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Tiered Storage Setup for Consumers - Tips for boosting performance

Tiered Storage Setup for Consumers - Tips for boosting performance
Chris talks about why you should try to keep some data types off your SSD and why large programs should be installed on a mechanical hard drive.
By: | Editorials in Storage | Posted: Oct 31, 2013 10:01 am

Introduction

 

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Tiered storage predates my introduction to PCs, but by the time I earned my enthusiast badge, I was using the technique to increase my system performance. I would actually go as far to say that it was a tiered storage model that put my system at the time into the enthusiast category. So, what is tiered storage you ask?

 

When I first started using tiered storage, it involved the use of an Adaptec SCSI RAID controller running on a pair of ribbon cables that were as long as my arms. The fastest hard drives at the time were Seagate 15,000 RPM X15 enterprise drives that cost around $1000 each. This was a time before flash as we know it today and thumb drives weren't even available. The Seagate X15 offered 36GB of data storage, but the golden setup for the operating system was three or more in either RAID 0 or RAID 5. The SCSI spec at the time allowed for 15 devices, one being the required SCSI terminator at the end of the cable. That allowed for a high number of hard drives in an era when optical disk drives were a necessity and most motherboards only shipped with two ATA ports that supported just two devices per port, a master and a slave.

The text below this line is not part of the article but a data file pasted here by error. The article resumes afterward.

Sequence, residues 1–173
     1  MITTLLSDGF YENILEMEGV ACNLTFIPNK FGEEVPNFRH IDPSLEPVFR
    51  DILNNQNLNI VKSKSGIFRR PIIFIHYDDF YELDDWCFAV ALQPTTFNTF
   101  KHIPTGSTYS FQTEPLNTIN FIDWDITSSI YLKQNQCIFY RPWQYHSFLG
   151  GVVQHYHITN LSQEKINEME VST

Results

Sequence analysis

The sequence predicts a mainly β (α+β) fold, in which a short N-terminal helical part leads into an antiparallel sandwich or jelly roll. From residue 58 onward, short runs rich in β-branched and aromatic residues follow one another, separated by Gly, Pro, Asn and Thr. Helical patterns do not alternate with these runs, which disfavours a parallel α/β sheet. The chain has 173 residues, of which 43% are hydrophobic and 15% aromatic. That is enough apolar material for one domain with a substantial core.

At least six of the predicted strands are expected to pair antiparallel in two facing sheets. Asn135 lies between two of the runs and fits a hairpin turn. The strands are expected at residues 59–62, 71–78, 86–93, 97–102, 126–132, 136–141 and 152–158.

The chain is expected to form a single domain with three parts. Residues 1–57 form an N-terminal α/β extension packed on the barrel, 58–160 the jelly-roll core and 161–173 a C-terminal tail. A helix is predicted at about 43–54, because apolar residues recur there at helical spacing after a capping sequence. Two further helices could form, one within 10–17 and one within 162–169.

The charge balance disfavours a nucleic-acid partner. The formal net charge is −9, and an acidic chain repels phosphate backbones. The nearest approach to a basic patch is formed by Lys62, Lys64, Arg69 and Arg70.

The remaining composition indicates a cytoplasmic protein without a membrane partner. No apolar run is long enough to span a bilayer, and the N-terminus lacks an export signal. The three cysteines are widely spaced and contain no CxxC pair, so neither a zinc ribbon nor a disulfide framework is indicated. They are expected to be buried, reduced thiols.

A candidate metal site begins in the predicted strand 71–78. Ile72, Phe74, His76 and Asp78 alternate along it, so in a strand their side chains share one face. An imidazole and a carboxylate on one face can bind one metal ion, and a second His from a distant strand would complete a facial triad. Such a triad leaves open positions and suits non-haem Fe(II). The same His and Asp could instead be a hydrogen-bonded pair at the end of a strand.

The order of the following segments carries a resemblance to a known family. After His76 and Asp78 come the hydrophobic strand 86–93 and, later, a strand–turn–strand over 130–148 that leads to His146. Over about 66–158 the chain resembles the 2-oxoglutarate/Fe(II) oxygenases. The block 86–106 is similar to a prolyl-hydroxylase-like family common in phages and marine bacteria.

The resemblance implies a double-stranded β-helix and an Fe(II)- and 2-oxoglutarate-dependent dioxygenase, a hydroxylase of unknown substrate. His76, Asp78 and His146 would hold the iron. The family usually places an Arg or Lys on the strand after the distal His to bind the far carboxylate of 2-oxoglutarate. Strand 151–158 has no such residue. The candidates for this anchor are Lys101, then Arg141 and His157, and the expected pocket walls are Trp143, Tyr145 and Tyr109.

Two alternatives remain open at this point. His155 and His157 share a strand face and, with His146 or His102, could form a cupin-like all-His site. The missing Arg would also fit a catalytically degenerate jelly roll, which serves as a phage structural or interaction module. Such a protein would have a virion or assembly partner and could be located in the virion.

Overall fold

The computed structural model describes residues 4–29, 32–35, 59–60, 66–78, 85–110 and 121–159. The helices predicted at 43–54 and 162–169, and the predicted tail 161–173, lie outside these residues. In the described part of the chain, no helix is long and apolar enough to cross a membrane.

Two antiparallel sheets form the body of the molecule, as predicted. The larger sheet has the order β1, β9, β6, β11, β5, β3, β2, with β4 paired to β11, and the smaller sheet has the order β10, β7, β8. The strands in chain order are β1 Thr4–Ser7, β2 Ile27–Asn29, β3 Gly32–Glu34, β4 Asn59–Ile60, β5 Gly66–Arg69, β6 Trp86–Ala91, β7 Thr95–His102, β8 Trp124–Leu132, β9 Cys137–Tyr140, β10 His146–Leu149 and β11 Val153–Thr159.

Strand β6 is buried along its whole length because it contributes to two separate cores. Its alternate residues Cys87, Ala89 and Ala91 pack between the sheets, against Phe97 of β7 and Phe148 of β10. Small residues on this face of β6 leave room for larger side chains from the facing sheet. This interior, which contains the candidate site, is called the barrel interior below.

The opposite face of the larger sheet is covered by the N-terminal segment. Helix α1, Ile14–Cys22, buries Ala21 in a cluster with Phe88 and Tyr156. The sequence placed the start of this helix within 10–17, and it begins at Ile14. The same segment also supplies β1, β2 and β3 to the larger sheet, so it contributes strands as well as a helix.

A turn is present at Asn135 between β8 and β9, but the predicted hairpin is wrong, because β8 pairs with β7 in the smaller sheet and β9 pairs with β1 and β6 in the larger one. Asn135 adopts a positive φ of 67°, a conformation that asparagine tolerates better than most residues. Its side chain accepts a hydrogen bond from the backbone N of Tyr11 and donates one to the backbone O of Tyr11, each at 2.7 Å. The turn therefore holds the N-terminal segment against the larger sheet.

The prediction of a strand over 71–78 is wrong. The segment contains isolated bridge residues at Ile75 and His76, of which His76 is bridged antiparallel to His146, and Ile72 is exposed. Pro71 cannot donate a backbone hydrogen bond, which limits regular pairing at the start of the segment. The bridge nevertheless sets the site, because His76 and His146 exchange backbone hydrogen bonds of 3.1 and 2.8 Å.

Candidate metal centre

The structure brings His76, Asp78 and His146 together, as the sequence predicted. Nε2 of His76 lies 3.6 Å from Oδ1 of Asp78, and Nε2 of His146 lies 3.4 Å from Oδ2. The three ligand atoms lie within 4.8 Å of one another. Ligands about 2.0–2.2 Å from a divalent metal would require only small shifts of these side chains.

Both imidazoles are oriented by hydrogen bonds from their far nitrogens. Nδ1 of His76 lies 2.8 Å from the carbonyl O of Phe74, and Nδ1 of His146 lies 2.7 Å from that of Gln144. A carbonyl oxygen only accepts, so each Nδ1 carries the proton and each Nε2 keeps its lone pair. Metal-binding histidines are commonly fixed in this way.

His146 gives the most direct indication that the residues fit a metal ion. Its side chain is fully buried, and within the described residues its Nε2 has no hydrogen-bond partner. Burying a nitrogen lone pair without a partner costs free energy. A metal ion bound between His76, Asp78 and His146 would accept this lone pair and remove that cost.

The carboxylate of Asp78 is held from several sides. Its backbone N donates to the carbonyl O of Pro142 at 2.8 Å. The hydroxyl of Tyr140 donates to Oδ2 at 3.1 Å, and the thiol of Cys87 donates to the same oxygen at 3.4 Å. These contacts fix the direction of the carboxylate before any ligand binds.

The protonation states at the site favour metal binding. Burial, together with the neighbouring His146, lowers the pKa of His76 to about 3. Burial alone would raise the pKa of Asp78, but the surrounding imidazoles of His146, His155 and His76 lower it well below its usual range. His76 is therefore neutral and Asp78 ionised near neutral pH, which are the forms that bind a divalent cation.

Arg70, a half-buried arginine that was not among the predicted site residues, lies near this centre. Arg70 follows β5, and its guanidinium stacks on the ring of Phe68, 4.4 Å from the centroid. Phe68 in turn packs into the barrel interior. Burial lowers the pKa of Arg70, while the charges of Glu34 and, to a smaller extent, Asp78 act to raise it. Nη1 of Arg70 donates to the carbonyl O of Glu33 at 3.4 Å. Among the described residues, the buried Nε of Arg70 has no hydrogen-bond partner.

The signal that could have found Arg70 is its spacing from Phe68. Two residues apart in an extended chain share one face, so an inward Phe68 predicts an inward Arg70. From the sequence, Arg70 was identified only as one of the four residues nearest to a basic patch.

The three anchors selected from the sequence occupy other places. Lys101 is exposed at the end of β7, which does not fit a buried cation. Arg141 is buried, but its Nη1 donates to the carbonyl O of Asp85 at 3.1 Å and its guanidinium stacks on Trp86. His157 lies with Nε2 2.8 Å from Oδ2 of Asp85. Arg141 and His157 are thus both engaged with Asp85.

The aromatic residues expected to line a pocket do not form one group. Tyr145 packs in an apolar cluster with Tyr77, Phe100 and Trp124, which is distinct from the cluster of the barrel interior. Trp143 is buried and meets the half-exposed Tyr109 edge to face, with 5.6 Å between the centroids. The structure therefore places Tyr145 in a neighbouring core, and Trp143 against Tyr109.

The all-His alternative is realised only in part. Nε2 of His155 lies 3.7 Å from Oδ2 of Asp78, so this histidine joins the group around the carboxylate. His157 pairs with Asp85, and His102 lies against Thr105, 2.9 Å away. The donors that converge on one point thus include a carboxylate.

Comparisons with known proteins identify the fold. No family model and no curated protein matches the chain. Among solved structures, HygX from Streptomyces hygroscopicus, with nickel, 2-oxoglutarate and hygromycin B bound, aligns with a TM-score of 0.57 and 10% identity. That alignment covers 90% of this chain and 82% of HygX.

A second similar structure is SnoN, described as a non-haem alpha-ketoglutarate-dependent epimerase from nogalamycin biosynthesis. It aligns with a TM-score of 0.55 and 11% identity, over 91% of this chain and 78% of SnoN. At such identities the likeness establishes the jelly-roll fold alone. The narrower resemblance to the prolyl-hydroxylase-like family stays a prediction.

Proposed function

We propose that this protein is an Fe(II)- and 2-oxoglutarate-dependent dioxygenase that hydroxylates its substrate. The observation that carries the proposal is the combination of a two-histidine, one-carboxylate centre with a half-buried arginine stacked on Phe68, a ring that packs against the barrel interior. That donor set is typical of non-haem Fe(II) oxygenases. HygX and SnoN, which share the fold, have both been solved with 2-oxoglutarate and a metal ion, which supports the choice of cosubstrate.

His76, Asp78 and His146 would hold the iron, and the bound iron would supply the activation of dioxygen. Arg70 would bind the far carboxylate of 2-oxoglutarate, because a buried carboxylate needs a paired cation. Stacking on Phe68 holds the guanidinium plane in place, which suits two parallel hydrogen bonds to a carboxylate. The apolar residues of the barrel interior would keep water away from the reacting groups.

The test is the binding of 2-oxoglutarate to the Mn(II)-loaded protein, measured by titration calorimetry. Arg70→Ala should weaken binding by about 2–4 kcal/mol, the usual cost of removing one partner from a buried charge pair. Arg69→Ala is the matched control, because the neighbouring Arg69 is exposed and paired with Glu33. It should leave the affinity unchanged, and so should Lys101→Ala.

With less than 100GB of storage for the operating system and programs on 'high speed' 15,000 RPM drives, other drives were added to the system to actually store data. To increase the overall performance of the system, some users added a small 10K RPM drive to store the Windows swap file - we were concerned with random performance all the way back in 2000! Relatively low-cost 10K RPM drives were plentiful when purchased used from PC recycle centers and worked well in RAID with redundancy for keeping digital pictures (often taken on Sony cameras with a floppy drive for storage) and digital music, the new fad.

 

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Here we are today, nearly 15 years later and facing the same problems as we did back then. The fastest storage is the most expensive and has the least amount of storage capacity. Even though the capacity has increased, so has the data we want to store. The technology has changed considerably as well, but the same issues remain - the more data you keep on your storage device, the slower it performs.

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